I cut the lips out of birch 1/4 inch plywood and clamp and epoxy them from beneath the opening. My lips are about 1/2" into the opening. The hatch covers get 4 layers of 6 oz. cloth on the bottom for stiffness. Fill the weave on the outsides to form a smooth surface where they will press against the weather strip gaskets.You could add a layer of thin 1/8 plywood spacer over the lips (lowering them) to insure that the hatch will be flush after tightning down. If the gasket is not too wide, they will compress level to the deck without the spacer piece.

I use the household weather stripping (closed cell) gasket with the adhesive back.

1/4-20 stainless threaded rod runs from a knob into a wing nut that is epoxied into a groove under a piece of 1/2" maple dowl stock. A small block of closed cell foam prevents the dowl from turning. That can be fastened to the deck or under the hatch cover itself.
   You slide the covers on forward and back, placing the cross beam under the deck. By tightening the knob (threaded rod) the cover gets compressed down on the lip and gasket. They work great!.

Other tips: Yoga mats (available in department stores) makes good gasket material. Fasten it with contact cement but do it wet so you can push it around a bit into position. A small knob is all that's needed. Rather than a wing nut, you could use a stainless T-nut if you can find them (James Town Distributors in RI).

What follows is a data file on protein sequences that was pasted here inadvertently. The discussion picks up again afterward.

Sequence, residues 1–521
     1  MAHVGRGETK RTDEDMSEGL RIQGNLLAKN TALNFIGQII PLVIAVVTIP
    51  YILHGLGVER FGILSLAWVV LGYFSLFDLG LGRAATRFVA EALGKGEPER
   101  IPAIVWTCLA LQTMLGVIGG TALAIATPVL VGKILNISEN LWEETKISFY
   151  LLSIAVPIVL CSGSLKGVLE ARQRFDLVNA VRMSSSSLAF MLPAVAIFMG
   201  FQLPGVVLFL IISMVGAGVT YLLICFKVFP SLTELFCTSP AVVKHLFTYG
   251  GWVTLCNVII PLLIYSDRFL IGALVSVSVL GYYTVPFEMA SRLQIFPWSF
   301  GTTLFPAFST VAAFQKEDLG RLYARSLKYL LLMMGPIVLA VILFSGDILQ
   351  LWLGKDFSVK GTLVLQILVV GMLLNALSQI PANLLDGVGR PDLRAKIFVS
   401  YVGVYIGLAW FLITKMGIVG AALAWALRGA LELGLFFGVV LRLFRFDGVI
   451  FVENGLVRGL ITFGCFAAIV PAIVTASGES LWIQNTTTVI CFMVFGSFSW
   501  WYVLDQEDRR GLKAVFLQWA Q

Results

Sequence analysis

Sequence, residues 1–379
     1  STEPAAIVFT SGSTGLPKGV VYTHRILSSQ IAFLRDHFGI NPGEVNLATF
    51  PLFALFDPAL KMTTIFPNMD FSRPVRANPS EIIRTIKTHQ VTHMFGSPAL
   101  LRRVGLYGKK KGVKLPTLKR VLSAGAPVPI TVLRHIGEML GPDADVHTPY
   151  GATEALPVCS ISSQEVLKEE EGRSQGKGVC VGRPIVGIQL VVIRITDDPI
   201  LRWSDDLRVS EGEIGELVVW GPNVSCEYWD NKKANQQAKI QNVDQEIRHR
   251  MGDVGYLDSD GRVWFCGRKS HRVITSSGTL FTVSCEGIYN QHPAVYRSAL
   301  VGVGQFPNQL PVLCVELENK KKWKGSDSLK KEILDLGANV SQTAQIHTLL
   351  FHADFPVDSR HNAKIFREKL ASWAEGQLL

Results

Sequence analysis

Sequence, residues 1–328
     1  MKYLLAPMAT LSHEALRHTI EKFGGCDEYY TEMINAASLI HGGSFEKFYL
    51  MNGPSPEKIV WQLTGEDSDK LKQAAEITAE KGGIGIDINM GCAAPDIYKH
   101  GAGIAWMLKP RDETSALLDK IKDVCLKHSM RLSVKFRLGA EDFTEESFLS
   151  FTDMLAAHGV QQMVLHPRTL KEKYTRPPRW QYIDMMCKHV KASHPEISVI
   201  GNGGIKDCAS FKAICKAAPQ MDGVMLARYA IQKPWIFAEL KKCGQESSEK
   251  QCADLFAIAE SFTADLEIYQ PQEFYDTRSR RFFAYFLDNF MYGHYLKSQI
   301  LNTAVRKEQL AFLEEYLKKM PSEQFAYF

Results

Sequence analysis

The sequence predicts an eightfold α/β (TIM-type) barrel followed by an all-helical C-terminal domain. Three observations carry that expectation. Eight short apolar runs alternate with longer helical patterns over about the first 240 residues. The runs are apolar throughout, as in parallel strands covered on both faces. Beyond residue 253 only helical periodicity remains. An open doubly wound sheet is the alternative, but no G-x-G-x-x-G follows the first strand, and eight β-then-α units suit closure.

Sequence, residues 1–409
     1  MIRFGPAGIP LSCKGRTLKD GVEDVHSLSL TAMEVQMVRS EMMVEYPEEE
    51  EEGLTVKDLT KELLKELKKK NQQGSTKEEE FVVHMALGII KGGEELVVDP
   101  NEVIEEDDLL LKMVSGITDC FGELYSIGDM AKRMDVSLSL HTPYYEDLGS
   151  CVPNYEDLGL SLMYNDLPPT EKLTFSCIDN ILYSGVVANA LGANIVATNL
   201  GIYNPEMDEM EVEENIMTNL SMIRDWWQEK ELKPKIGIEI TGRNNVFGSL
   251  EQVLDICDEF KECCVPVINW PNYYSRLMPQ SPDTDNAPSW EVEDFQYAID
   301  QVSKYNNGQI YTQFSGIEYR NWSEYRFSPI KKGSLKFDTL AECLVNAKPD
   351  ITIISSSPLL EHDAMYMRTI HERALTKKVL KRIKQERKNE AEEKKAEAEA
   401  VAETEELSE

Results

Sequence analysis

Any closed cell foam will make a good gasket under the knob.To pull up flush hatches, you could have a pull cord or... put a nut on the threaded rod about a half inch below the hatch cover so you can pull up on the knob to pop them off. I buy 3" SS 1/4-20 bolts at the marine store and cut off the heads for the threaded rods.

 

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Flush Hatches
These hatch covers are easy to make, and are 100% water tight and sit flush to the hull lines with no straps or cords. This design uses direct downward pressure, insuring a good water tight seal.

I start my cuts by scribing through the wood with a utility knife against a metal ruler. I then finish the cutting with a power jig saw. Cut carefully on the line ...there’s no second chances.